The Olympics could provide a boost to employer confidence as a quarter of UK bosses say they think the games will be good for their businesses with only four percent predicting a negative impact on their bottom line, according to the Recruitment and Employment Confederation’s (REC) latest JobsOutlook survey.
Employers report that they will continue to grow their permanent staff numbers and the number of employers planning to increase their use of temporary workers has risen. However, in response to this month’s survey, there was also an increase in the number of employers saying they intend to reduce their use of temporary staff – illustrating the fragility of employer confidence across the UK.
The decline in confidence witnessed in last month’s report continues in June with the REC’s barometer of employer confidence dipping a further two points to reach the level last recorded in June 2011.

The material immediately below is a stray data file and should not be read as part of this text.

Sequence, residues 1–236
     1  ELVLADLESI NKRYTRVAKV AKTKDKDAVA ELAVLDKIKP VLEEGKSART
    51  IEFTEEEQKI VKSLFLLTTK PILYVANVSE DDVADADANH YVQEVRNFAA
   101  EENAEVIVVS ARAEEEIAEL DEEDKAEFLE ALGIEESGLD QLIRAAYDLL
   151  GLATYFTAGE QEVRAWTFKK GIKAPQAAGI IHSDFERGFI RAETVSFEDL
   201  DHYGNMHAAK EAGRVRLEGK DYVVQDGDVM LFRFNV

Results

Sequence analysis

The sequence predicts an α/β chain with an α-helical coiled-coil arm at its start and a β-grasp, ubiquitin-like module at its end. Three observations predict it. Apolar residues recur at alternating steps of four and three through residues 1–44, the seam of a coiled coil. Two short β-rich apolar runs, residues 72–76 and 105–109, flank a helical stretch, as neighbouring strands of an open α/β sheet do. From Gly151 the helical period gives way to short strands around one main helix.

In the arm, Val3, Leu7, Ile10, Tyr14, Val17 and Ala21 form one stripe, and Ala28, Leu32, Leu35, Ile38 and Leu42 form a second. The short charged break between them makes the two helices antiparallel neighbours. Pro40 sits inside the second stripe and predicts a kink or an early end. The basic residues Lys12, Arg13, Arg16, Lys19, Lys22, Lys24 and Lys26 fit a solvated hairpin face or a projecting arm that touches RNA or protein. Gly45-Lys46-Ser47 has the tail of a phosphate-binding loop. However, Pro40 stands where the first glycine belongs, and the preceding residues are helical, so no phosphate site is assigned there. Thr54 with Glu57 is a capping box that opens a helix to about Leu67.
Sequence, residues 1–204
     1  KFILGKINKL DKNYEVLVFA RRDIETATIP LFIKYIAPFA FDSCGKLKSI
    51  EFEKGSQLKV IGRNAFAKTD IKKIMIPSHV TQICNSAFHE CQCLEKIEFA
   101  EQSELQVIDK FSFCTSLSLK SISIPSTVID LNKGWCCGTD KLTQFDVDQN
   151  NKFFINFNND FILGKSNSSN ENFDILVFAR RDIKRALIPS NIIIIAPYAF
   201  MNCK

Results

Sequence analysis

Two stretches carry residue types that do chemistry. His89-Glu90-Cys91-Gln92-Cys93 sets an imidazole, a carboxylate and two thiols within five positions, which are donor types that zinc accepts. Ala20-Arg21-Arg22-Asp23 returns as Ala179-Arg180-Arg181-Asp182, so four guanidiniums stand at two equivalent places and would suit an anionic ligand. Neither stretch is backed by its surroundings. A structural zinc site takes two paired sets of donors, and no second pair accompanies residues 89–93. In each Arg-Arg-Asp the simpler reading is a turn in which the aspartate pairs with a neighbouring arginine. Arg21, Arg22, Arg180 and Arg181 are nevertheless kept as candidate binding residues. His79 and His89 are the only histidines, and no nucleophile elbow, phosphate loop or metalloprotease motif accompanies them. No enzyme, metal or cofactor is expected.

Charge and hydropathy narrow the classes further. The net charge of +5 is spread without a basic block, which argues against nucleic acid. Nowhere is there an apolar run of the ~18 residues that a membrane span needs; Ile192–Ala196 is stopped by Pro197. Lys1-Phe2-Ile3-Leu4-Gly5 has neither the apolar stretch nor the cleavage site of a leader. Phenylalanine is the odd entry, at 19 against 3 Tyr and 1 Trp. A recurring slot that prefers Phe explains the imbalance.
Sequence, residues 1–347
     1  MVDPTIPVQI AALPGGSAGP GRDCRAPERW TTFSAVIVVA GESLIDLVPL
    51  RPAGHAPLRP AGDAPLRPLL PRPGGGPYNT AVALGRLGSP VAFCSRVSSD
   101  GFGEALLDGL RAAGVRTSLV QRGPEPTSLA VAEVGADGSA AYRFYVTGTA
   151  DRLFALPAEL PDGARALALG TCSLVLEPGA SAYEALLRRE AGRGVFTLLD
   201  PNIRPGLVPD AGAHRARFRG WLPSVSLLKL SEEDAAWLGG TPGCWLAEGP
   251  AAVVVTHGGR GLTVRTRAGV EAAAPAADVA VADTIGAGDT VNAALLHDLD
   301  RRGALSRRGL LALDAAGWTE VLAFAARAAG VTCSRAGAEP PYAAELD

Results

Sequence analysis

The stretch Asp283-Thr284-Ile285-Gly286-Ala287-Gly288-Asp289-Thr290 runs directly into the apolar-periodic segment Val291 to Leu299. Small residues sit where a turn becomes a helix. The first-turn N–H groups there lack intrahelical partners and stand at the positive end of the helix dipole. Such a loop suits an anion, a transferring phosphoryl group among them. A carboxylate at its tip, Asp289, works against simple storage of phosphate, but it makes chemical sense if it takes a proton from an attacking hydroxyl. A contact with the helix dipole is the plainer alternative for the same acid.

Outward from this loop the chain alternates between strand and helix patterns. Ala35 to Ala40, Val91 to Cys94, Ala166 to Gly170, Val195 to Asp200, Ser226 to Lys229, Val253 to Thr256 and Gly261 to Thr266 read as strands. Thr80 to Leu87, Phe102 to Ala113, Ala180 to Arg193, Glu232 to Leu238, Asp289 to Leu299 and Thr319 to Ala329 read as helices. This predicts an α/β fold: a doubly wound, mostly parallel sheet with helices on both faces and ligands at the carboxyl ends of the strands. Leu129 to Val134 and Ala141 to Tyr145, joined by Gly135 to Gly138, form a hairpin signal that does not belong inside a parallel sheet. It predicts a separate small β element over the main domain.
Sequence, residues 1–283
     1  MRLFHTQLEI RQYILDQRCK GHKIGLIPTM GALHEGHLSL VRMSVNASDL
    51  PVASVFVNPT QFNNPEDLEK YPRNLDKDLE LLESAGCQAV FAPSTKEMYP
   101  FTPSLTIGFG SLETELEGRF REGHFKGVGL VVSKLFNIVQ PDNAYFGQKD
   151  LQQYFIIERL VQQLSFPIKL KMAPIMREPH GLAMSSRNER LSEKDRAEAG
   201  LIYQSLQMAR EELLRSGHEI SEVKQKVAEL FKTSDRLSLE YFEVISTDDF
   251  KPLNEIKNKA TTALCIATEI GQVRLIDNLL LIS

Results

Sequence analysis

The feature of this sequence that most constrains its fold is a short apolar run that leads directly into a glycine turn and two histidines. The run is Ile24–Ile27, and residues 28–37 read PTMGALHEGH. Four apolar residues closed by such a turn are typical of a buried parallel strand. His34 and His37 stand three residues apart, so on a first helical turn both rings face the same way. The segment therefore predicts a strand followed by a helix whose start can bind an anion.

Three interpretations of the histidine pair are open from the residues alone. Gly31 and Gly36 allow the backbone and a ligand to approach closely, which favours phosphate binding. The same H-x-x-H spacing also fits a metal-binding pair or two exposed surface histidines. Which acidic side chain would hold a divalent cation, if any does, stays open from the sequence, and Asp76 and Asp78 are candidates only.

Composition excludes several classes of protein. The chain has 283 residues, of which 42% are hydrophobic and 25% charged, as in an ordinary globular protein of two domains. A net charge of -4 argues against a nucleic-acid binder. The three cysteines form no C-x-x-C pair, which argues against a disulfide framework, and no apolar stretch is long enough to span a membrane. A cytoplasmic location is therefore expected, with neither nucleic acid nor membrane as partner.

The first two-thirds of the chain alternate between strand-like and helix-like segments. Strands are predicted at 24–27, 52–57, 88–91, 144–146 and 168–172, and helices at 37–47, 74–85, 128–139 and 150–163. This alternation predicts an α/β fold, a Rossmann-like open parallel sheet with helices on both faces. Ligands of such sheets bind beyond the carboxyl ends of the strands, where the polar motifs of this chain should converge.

JobsOutlook’s survey of employers reports that:
- 63 percent said they planned to increase the number of permanent employees over the next three months (compared to 66 percent last month)
- 60 percent expect to increase permanent hires over the next 3-12 month period (compared to 63 percent last month)
- 31 percent plan to increase agency worker numbers in the next quarter (the same number as last month) with 22 percent saying they intend to decrease their use of agency workers (up from 20 percent last month)
- 28 percent say they will increase agency workers over the next 3-12 month period (compared to 26 percent last month) with 19 percent saying they will decrease their use of agency workers (up from 15 percent last month)
- 24 percent say they think the Olympics will be good for their business
REC’s Director of Research, Roger Tweedy, says:
“There is a sense of hesitancy out there as employers are buffeted with bad news from the continent and are staring at official growth figures that seem to be stuck. But there are still reasons to be positive. Consumer confidence is rising slowly, and the impact of that should filter through to businesses in a few months. Barring any terrible shocks from the eurozone and with the potential of a boost to business from the Olympics we could still be on track for slow improvements in job creation as time progresses.”